Thursday, October 21, 2004

Ratings magic

magic wand
In a recent post I said:
"It might be reasonable to assume that the recently published 10/04 USCF ratings are a better measure of the players' strength upon entering the Championship than the "official" 8/04 numbers. Of course, it might also be reasonable to believe that ratings mean 'not a nit' in any particular game."
Here is a perspective from someone who has given the topic a lot of thought:

Chess ratings are not devoid of meaning, but they are unquestionably imprecise. As I said last time, we need to keep in mind that FIDE ratings are not the precise measurements we would like them to be. In fact, nobody really knows just how effective the FIDE ratings are at measuring the "true strength" of a player. However, based upon the research that I performed a few years ago in developing my Chessmetrics historical ratings, I don't think it's too far off the mark to say that the estimation error in an Elo rating is normally distributed, with a standard deviation of 50 rating points. That means if somebody has a 2550 rating, we can only be about 70% sure that their "true strength" or "current form" is somewhere between 2500 and 2600. And we can only be 99% sure that their "true strength" is between 2400 and 2700.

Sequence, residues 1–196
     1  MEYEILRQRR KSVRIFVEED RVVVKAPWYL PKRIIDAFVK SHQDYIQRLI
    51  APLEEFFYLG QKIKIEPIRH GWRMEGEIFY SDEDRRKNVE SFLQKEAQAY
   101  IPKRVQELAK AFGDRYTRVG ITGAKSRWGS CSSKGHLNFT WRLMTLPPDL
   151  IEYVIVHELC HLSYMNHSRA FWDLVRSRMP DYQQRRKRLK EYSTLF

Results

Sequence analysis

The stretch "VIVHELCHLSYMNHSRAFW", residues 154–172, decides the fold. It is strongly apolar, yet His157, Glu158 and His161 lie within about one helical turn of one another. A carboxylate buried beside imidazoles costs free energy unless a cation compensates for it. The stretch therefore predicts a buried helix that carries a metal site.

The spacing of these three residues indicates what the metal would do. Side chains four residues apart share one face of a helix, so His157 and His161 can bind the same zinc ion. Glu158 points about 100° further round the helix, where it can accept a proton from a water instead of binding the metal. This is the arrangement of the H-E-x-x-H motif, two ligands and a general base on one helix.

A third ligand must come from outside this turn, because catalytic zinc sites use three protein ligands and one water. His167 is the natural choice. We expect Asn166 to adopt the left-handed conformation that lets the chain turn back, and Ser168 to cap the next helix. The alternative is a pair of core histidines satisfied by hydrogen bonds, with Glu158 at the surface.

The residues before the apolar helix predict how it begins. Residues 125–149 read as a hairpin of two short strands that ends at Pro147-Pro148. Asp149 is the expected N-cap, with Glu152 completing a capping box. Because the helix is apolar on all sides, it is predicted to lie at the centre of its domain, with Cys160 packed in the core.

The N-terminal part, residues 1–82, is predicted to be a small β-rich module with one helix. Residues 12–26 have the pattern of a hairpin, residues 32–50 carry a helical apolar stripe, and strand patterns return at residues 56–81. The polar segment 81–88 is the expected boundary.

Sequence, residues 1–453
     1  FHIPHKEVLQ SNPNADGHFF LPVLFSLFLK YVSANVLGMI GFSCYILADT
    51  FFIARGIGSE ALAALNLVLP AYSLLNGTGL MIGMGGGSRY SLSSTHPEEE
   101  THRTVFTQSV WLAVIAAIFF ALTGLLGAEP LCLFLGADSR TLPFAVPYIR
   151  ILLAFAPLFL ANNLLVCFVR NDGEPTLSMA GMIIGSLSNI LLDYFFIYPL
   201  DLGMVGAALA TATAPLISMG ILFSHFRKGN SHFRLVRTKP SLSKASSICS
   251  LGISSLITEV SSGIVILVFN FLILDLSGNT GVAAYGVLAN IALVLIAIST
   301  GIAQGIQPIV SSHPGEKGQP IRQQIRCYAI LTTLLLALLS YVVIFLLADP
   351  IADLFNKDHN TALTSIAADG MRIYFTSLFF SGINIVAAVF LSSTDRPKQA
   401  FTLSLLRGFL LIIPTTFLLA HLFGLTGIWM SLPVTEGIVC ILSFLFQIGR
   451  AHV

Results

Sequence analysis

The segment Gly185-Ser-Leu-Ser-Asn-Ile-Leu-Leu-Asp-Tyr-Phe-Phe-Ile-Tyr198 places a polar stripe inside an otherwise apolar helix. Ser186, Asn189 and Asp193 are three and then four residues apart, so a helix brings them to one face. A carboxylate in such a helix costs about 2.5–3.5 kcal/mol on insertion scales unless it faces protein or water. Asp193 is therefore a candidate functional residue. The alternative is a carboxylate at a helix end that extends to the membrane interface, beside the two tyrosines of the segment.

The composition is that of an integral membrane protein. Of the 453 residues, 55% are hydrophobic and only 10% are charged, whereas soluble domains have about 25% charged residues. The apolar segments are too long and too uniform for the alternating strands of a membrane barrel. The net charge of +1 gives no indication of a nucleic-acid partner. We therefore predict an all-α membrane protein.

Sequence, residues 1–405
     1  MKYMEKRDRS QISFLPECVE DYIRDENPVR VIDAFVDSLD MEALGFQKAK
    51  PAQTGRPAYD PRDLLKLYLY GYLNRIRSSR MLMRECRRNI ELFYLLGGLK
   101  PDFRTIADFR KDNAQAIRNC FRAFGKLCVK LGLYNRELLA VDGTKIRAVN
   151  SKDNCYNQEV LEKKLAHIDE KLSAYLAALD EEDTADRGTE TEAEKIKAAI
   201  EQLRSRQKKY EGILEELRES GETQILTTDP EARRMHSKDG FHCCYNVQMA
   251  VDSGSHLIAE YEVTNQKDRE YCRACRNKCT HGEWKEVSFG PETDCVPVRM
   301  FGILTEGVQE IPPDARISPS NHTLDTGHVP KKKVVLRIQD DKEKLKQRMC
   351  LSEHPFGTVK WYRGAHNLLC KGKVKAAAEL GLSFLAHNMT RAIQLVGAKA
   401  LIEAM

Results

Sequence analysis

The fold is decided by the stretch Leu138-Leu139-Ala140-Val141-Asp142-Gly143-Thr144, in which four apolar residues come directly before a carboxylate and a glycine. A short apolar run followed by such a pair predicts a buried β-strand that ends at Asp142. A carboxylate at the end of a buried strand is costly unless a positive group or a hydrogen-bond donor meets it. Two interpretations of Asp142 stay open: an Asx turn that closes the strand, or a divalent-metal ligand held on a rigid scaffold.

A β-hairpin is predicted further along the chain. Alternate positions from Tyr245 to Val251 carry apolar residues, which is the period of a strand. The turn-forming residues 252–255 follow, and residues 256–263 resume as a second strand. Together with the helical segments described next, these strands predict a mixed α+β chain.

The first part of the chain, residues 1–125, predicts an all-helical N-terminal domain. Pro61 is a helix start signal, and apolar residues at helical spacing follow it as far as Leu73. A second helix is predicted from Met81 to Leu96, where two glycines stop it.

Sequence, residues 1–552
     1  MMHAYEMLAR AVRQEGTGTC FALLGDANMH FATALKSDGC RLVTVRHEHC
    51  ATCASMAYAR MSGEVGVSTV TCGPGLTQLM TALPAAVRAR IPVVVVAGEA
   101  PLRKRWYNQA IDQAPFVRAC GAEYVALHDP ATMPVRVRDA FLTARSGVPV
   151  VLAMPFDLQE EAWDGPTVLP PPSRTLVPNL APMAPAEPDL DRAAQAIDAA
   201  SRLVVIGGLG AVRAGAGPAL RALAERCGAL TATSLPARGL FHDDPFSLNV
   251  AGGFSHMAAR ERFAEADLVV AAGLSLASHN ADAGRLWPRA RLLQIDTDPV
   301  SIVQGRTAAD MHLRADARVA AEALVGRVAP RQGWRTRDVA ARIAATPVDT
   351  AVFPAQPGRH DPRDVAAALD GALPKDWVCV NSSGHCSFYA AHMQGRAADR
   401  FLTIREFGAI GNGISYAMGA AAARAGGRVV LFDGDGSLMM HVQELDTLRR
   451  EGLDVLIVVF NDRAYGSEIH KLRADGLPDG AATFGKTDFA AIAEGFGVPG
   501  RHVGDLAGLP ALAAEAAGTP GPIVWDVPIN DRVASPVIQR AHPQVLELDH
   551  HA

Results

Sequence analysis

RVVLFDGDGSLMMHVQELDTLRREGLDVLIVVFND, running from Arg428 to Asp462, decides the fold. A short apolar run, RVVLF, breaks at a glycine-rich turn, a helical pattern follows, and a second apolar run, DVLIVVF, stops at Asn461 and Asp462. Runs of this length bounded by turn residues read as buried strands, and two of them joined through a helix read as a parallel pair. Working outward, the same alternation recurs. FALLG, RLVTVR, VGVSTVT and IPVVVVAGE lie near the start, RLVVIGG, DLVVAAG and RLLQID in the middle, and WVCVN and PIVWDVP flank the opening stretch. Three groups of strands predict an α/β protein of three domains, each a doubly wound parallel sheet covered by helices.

I'm sorry about this; I really am. I wish I could tell you that ratings are nice and accurate. I wish I could wave a magic wand and tell you that I have a super-magical rating formula in my bag of tricks, but I don't. In all honesty, I simply don't know who the strongest player in the tournament is. They haven't played enough recent games to let me figure that out with any certainty.

Libya World Championship Statistics (after round 1)" by Jeff Sonas, ChessBase News (web), 6/22/04


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